Based on the Genevan Psalter setting of Psalm 130 by Claude Goudimel.
Listening to Brother Down’s album Old Paths, New Feet (2013) and such folk metal groups as Ensiferum, Tengger Cavalry, and Eluveitie has led me to believe that there is a place for folk metal metrical psalmody. In the French Renaissance, metrical psalmody was a significant literary force, not among the Protestants only but among the Romanists as well. People sang psalms not only at church but also in daily life. Today, for imprecatory and elegiac psalms, the folk metal genre seems to be a good way to express some of the Psalmist’s feeling and spirit; the word of God would also lend strength to the genre.
For metrical psalms, there is already plenty of good musical material, some from folk sources and some from classical. The names of Tallis and Goudimel are known well enough among those who listen to Renaissance music that I need not say more about the quality of their music, and likewise the folk tunes still used for unaccompanied metrical psalmody in the Free Church of Scotland are both vigorous and easy to find. The Gaelic psalmody in particular refracts familiar music in ways that could inspire new interpretations. He who seeks will not lack. That the music is not altogether unfamiliar would appeal to ordinary folk hearing it in a new form, and those who were unfamiliar with the traditional music would find it in these modern compositions; for both, more often neglected parts of the Psalter could become a part of common life, and (if musically well clothed) the word of God would dwell more richly in the commonwealth, giving the people a renewed sense of the life of the spirit.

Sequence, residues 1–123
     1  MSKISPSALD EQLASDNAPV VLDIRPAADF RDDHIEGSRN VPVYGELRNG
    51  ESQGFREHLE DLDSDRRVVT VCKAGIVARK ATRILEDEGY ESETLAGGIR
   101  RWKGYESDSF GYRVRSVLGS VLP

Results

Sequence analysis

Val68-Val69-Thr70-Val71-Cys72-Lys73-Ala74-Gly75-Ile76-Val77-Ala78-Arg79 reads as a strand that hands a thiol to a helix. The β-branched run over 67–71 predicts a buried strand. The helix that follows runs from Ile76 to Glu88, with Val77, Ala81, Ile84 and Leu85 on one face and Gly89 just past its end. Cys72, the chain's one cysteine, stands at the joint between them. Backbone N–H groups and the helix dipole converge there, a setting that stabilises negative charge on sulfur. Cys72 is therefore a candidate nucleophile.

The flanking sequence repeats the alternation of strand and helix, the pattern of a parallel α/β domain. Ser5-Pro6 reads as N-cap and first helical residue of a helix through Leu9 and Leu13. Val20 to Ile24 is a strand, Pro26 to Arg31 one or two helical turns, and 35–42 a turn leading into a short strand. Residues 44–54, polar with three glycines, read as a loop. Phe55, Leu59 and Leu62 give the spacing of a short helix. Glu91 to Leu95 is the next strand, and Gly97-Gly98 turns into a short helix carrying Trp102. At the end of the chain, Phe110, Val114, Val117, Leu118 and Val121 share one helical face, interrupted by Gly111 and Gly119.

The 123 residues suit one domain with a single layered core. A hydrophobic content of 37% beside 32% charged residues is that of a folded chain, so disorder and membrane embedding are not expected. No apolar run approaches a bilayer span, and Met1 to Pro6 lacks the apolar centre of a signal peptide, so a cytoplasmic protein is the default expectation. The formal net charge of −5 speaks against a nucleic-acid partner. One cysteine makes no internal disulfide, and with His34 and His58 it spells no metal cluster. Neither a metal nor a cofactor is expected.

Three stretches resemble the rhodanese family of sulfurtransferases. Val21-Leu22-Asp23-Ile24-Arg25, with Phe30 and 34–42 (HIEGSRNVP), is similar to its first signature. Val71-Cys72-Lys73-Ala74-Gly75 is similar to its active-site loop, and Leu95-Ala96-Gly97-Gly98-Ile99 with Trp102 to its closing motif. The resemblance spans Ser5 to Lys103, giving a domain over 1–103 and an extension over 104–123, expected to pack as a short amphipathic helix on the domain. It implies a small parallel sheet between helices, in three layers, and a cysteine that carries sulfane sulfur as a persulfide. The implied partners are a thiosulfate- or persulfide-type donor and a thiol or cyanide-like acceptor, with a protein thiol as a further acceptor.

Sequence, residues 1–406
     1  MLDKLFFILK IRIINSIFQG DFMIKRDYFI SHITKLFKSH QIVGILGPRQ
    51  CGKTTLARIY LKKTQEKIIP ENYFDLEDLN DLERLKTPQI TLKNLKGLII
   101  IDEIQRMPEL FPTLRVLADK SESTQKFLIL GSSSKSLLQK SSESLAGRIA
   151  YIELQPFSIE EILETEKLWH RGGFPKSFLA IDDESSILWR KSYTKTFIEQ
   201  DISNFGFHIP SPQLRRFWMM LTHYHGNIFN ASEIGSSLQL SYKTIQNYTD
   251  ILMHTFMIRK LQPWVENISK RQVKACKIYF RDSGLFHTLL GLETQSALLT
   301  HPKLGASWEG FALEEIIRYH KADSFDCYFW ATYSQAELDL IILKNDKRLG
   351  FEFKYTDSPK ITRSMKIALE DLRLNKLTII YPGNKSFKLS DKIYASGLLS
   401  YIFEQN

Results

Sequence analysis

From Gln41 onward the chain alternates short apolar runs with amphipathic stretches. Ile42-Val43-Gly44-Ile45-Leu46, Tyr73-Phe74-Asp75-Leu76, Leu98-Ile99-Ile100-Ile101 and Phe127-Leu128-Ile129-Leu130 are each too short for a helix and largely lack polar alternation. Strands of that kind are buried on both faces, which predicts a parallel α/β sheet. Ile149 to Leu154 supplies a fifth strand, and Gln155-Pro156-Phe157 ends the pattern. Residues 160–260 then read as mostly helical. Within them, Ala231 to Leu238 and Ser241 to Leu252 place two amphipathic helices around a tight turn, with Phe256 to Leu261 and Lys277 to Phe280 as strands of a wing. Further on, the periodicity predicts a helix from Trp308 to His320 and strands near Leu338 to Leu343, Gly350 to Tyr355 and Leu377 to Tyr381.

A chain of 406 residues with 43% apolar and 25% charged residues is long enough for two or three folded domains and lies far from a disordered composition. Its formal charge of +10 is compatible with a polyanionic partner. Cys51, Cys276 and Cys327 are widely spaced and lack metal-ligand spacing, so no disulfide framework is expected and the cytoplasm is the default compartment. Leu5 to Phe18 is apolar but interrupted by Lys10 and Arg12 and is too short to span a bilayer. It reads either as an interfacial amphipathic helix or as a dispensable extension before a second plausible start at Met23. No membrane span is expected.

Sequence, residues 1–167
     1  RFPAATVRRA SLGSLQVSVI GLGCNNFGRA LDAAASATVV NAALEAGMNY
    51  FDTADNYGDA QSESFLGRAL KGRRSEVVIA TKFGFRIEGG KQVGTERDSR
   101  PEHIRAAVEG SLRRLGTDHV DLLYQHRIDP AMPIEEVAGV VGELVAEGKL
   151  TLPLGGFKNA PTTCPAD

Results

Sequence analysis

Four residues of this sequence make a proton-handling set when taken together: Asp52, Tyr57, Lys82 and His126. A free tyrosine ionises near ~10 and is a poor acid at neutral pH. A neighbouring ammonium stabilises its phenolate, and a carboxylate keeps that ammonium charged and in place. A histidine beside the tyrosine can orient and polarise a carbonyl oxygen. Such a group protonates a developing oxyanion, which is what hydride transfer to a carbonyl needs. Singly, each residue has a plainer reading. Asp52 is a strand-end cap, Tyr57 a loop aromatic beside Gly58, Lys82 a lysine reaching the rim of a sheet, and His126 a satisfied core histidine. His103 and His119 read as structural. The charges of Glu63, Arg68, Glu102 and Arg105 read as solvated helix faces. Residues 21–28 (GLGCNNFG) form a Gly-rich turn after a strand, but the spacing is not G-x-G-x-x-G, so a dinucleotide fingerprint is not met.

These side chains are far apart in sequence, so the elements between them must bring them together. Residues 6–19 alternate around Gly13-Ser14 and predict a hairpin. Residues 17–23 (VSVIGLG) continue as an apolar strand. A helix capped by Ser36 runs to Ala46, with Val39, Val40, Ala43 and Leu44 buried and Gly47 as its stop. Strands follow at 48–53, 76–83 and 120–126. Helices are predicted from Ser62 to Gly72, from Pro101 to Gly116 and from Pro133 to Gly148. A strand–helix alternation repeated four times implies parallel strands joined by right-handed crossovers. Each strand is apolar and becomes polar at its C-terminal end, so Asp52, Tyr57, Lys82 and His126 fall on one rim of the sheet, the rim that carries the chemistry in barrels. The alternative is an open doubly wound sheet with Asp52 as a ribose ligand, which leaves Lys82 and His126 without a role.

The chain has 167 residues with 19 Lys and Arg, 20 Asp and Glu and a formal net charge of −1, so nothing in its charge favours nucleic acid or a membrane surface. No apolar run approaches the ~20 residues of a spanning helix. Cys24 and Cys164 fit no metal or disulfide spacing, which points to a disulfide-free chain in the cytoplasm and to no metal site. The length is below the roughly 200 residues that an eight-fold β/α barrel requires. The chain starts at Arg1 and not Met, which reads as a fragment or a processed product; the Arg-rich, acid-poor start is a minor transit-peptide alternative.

Vocals could generally vary from churchly chanting to more folkish singing characteristic of lustier songs; some growling might be suitable for parts of Psalm 137 and suchlike, though I think a more elegant approach might be influenced by Thomas Campion’s ‘As by the Streams of Babylon’. Much of the heaviness or dark colour required would already come from the instrumentation, of course, giving writers and musicians greater latitude to find fitting vocals that were satisfying æsthetically and ædifying spiritually.
And graphically, need I say much more? For cover art the sixteenth century has no poverty of invention.
Will anyone do this?